anyone decided NOT to have IVF for unexplained infertility?

(50 Posts)
nouveaupauvre Mon 27-Sep-10 22:16:16

after 18 months tttc number 2 with no success, we are looking at a diagnosis of unexplained infertility. which means it's IVF, adoption (which neither of us are keen on) or just accept that it's probably not going to happen. we have a three year old already and although we desperately want a sibling for him, am finding myself weirdly hesitant about IVF.
maybe it's having had a couple of close friends go through real turmoil with it - one marriage nearly broke up over it - but am now starting to wonder whether we want to spend money we haven't got on what's probably a wild goose chase (I'm nearly 40 and as nobody knows what our problem actually is, i guess the chances of success are not that great) and potentially putting the family we do have under a lot of strain. i just wonder if we'll regret later not having given it every possible shot.
has anyone been in a similar position and decided not to have IVF but keep trying naturally? or had unsuccessful IVF but wished later they hadn't?

fedupttcnosuccess Mon 27-Sep-10 22:24:55

Moi.only we have no dc. I'm 40, he's 43. Been together 7 years. Ttc seriously for the past two. After numerous tests: unexplained infertility diagnosed. Hesitant to intervention as strongly feel that if there's no diagnosis of problem then how can we fix what seemingly (according to tests conducted) is perfectly normal. Still optimistic that we will conceive naturally, although if nothing changes, we are considering ivf privately in the new year. Time is running out fast. Biological clock is deafening us both. Both in stressful, but fulfilling jobs! Parents need us more and more. But we are now feeling our own mortality: and asking who'll be there for us? Questioning our life choices more and more frequently, while trying to remain positive.

Hulababy Mon 27-Sep-10 22:29:24

I have unexplained secondary infertility. I am 37y now, as is DH. DD is 8y and been TTC since she was 2y, so six years now. I was dx with Asherman's Syndrome and had a couple of ops and treamtment for that, also had 6 months of Clomid. But nothing has worked. But Dh and I decided against any further intervention, just felt it wasn't right for us really, esp after all the hormione treatment I had to endure after my ops - had had enough. Haven't ruled out pregnancy as such yet, but after all this time it is very unlikely. Although not particulalry happy about the non arrival of a second child, I am resigned to it now I guess.

notcitrus Mon 27-Sep-10 22:35:35

I've always been against IVF, even after 7 years of trying for a baby. Luckily MrNC agreed after I explained some of the details and the likely success rate. After I somehow produced ds, we're now going through the various drugs and stuff to try to get me to conceive again, but basically I've decided to give it until I'm 40 (4 1/2 years) and then give up.

I'm pretty sure the stress and anxiety of IVF would just not be worth it for me.

fedupttcnosuccess Mon 27-Sep-10 22:38:18

Notcitrus: which drugs are you using? Have you had a diagnosis then?

fedupttcnosuccess Mon 27-Sep-10 22:39:07

Did you conceive your ds naturally ?

nouveaupauvre Mon 27-Sep-10 22:52:01

thanks for all the replies. yes ds was natural conception and happened pratically first attempt - all of which made me far too complacent about how difficult it would be to have a second sad. stupid really that i worried about being too old when i started trying for ds at 35 but didn't occur to me that i was maybe leaving it too late for a second...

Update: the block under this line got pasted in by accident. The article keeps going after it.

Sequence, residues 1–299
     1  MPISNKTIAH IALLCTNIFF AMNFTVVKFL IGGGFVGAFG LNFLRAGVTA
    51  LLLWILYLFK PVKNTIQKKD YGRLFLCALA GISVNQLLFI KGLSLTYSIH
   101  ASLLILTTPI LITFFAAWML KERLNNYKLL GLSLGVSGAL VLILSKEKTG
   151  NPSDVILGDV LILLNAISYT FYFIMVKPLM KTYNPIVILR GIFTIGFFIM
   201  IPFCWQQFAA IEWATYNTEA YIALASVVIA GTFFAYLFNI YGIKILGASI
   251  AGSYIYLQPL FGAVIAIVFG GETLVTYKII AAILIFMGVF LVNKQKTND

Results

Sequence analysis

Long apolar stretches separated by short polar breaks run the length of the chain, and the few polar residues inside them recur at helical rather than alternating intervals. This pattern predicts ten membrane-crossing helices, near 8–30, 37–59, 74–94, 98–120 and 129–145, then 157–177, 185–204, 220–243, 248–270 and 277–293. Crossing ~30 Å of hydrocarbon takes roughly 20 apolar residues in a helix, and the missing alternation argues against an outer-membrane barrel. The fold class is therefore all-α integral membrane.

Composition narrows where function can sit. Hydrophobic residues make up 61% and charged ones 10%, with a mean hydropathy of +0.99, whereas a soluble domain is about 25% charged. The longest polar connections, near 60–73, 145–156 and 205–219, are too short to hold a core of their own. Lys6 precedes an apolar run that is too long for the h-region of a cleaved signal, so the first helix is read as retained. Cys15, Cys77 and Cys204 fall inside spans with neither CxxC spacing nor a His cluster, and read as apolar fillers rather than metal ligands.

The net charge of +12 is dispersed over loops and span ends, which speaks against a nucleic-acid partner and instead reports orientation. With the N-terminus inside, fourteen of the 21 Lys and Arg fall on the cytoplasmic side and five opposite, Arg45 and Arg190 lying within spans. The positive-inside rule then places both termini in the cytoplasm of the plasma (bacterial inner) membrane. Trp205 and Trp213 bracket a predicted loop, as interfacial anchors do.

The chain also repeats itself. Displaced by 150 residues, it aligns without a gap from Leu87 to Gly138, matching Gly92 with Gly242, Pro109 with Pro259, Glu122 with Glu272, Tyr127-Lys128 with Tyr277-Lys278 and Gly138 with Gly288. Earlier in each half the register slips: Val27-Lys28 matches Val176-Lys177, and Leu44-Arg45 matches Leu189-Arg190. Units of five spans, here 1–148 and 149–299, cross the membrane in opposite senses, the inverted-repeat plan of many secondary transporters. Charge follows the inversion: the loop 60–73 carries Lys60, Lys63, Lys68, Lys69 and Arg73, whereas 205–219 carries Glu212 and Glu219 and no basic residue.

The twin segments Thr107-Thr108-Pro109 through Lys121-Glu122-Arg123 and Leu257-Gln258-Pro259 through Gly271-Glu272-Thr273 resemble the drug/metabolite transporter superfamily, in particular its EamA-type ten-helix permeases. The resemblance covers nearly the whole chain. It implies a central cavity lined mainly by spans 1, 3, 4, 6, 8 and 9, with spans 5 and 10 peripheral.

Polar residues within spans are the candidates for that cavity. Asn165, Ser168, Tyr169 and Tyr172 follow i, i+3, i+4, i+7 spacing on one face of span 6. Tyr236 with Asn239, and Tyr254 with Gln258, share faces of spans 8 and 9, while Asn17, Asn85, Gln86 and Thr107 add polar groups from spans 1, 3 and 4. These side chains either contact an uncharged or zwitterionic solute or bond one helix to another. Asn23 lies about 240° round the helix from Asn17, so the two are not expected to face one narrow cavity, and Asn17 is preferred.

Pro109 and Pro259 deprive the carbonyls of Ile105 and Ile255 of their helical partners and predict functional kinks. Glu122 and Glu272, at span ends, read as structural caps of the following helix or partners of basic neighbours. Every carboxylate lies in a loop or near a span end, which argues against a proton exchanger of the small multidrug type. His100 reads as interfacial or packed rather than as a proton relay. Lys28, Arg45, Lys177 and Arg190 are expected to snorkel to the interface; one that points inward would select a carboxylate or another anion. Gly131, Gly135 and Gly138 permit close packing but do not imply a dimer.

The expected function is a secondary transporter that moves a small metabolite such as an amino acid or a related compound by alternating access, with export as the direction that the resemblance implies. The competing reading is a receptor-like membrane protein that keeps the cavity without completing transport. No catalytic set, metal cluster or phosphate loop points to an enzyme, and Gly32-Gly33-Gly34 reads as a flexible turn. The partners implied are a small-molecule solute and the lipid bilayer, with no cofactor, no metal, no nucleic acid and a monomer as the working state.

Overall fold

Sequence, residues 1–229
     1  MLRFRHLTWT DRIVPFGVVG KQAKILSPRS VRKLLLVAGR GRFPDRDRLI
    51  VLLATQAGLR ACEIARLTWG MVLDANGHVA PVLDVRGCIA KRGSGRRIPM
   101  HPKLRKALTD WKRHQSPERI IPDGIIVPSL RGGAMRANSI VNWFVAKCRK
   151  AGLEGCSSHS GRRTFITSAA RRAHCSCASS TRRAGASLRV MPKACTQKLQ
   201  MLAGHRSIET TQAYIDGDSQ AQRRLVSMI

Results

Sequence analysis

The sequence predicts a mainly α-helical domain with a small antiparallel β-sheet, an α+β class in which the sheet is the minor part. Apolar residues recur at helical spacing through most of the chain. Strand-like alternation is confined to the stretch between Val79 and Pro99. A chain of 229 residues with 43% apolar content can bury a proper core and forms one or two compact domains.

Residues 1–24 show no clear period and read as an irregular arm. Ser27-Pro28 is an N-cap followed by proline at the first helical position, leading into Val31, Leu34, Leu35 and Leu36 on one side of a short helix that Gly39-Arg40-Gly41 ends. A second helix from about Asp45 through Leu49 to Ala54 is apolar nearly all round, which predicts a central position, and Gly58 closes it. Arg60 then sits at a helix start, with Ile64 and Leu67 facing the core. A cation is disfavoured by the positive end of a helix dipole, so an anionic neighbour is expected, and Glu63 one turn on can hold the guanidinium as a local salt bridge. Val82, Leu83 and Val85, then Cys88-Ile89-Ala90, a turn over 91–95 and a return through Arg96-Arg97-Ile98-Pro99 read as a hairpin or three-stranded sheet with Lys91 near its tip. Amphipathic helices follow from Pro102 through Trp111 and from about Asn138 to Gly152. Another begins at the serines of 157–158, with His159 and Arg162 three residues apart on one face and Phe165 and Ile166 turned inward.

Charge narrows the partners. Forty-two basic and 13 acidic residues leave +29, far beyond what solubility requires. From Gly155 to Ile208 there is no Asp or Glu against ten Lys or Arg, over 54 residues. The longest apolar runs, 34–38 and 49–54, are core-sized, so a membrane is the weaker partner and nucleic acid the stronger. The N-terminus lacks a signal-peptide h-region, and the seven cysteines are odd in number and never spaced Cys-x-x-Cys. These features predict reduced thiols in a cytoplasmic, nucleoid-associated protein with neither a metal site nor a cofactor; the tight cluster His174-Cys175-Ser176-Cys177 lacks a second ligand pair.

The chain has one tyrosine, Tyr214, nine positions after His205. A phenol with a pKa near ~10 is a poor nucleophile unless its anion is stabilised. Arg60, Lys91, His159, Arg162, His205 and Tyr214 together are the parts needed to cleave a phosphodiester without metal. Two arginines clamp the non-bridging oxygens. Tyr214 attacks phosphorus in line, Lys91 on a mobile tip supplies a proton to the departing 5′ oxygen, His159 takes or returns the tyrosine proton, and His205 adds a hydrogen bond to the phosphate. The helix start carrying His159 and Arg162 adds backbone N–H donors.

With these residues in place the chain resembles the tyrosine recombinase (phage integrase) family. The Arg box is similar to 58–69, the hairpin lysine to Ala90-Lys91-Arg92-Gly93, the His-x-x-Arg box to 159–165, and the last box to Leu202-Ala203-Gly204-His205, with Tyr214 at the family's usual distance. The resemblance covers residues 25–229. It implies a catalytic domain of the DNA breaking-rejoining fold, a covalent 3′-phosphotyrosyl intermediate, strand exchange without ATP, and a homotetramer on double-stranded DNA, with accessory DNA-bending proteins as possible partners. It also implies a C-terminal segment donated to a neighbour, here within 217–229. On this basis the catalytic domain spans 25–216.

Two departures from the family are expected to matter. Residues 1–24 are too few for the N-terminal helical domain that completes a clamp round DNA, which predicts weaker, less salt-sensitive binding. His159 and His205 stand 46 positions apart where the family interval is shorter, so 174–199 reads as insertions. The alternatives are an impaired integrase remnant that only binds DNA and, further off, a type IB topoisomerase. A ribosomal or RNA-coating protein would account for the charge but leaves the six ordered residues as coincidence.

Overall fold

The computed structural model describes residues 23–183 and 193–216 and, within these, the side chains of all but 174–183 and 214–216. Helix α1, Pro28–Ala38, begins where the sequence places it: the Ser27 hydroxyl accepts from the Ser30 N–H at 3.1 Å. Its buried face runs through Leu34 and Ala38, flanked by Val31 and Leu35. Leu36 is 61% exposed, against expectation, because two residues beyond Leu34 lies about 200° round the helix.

Whenisitmyturn Tue 28-Sep-10 07:39:53

Hi,
Slightly different for me take on things for me. We're almost on a year of TTC number 2. I am pretty certain that if we don't conceive within the year that we will acquire a label of unexplained secondary infertility as tests so far show nothing imeediately wrong. If that is the case then I have already set the wheels in motion to get an appt at a local FC. I will try IVF if that is what is recommended, and would like to donate eggs whilst I do it if we go down that route. For me the thought of not trying is too much to bear. The way I see is that IVF has higher success rates than a natural cycle so would like to give us that chance.

Good luck with whatever you decide.

Whenisitmyturn Tue 28-Sep-10 07:40:49

sorry too early in the morning to get my words out straight!

Unexplained infertility is actually no diagnosis at all. All it means is that they have failed to date to find out what is wrong. It is also a term sometimes given to patients when not enough investigation or tests have been carried out.

I would urge you to ensure that you have been properly investigated. People who are told that they've had "all the tests done" often have had some missed out.

I will put up a list of commonly missed tests.

The following tend to be omitted in the course of fertility investigations:-

Adequate x-rays of the uterus which may show abnormalities not seen at laparoscopy in either the tubes or uterine cavity.

Hysteroscopy - telescope inspection of the inside of the uterus which may occasionally show abnormalities not otherwise seen.

Carefully timed post coital testing to see if sperms are surviving in the cervix

Repeated sperm counts over several weeks and months to make certain there is no subtle abnormality

Testing the sperm in special media - such as swim tests or velocity testing. When this is done it can sometimes uncover a hidden cause for the supposed "unexplained" problem.

Thorough hormone tests to detect abnormalities of male hormone or early falls in progesterone.